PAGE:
(1) acculturation where cultural differences between various groups are resolved

(2) full structural integration in which all minority groups, including women, are represented at all levels of the company so different levels of the company do not become associated with a particular race or ethnic background

(3) full integration of the informal networks (such as social activities)

(4) an absence of prejudice and discrimination

(5) employees of all cultural groups identifying with the organization

(6) low levels of intergroup conflict.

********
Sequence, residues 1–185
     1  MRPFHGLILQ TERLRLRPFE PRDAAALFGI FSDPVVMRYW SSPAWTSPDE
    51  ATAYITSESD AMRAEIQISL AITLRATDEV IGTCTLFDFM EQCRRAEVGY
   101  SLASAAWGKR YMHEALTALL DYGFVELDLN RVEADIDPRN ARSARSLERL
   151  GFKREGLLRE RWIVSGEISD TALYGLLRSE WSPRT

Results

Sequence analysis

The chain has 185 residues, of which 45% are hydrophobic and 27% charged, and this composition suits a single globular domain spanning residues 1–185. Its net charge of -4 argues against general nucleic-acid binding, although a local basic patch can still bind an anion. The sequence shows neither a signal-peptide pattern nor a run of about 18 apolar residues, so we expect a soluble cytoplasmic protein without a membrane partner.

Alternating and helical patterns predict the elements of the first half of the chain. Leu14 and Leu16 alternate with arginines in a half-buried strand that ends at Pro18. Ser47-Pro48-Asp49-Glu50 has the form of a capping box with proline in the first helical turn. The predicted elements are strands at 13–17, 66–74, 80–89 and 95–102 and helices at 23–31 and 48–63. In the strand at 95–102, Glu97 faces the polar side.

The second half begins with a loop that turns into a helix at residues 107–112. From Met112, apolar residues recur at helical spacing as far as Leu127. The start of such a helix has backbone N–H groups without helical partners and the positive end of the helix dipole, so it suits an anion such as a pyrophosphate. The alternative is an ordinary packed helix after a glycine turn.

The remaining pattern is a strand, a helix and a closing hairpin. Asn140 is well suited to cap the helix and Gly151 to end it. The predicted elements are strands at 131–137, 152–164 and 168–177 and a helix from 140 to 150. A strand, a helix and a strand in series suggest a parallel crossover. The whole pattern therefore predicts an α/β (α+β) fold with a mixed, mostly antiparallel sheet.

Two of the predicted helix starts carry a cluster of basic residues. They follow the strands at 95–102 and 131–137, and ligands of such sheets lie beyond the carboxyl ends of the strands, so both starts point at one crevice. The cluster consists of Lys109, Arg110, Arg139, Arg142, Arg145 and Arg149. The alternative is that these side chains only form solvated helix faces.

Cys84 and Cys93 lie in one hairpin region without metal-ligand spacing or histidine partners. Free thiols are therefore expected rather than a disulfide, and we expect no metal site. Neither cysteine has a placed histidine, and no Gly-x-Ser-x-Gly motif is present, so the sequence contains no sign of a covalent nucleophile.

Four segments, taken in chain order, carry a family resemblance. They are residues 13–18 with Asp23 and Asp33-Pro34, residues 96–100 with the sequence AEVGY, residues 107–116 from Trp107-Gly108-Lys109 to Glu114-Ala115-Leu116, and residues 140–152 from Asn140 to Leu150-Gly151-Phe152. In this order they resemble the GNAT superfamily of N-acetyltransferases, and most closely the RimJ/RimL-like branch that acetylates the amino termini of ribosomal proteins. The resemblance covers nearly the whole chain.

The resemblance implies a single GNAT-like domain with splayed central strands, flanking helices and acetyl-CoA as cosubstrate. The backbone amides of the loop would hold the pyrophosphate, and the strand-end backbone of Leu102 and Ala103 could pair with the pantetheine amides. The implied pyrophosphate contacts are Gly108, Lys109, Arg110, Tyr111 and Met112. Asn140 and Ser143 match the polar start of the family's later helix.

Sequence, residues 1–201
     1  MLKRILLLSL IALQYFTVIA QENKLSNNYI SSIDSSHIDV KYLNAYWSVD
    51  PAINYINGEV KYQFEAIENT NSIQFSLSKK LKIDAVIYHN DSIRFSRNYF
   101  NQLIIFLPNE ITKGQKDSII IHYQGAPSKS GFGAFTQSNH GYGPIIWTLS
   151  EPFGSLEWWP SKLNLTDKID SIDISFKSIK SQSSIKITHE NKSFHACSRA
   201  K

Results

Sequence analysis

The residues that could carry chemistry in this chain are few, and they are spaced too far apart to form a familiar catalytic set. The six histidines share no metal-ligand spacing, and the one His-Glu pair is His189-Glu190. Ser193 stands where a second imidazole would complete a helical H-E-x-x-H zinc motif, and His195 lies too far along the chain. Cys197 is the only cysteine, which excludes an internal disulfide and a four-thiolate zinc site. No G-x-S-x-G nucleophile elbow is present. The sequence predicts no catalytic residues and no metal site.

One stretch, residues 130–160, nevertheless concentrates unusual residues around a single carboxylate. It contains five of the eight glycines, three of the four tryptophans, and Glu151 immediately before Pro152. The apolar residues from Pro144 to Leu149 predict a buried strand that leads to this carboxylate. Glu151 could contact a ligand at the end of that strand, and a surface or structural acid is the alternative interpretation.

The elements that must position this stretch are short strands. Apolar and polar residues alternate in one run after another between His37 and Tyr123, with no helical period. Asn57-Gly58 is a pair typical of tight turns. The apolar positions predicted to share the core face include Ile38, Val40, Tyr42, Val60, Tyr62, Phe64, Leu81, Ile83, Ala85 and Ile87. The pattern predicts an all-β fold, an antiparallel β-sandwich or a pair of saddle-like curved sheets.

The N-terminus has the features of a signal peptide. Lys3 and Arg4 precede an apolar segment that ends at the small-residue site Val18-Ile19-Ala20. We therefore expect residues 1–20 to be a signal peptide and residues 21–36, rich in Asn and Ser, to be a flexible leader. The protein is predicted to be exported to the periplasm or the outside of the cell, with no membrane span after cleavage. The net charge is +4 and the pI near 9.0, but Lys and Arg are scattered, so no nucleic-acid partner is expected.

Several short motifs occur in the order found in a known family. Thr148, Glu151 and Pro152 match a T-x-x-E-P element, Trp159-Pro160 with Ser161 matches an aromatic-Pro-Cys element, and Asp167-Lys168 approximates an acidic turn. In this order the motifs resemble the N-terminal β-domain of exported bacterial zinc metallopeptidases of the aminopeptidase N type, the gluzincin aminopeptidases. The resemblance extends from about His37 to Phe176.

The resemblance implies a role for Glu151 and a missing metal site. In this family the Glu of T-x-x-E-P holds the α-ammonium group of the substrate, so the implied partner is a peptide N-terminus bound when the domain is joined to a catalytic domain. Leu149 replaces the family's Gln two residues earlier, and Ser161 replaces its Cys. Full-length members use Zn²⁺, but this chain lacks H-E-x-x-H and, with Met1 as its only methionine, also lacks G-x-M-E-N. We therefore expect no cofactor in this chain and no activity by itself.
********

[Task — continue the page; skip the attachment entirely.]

There is much anecdotal information about major corporations that waste millions of dollars because they fail to understand the culture of the country in which they choose to conduct business. This information includes the story of an American manager who went to India and tried to use focus groups and team management when this type of management was a sign to the Indians that the manager did not know or was not certain about what to do. Otherwise, he would have just given them directions. In addition, a Japanese manager tried to implement focus groups in the United States, but forgot to address the previous very competitive attitude between management and labor. Finally, a German manager, who was transferred to a Latin American country, suddenly tried to force a time clock and other stringent time controls on his employees.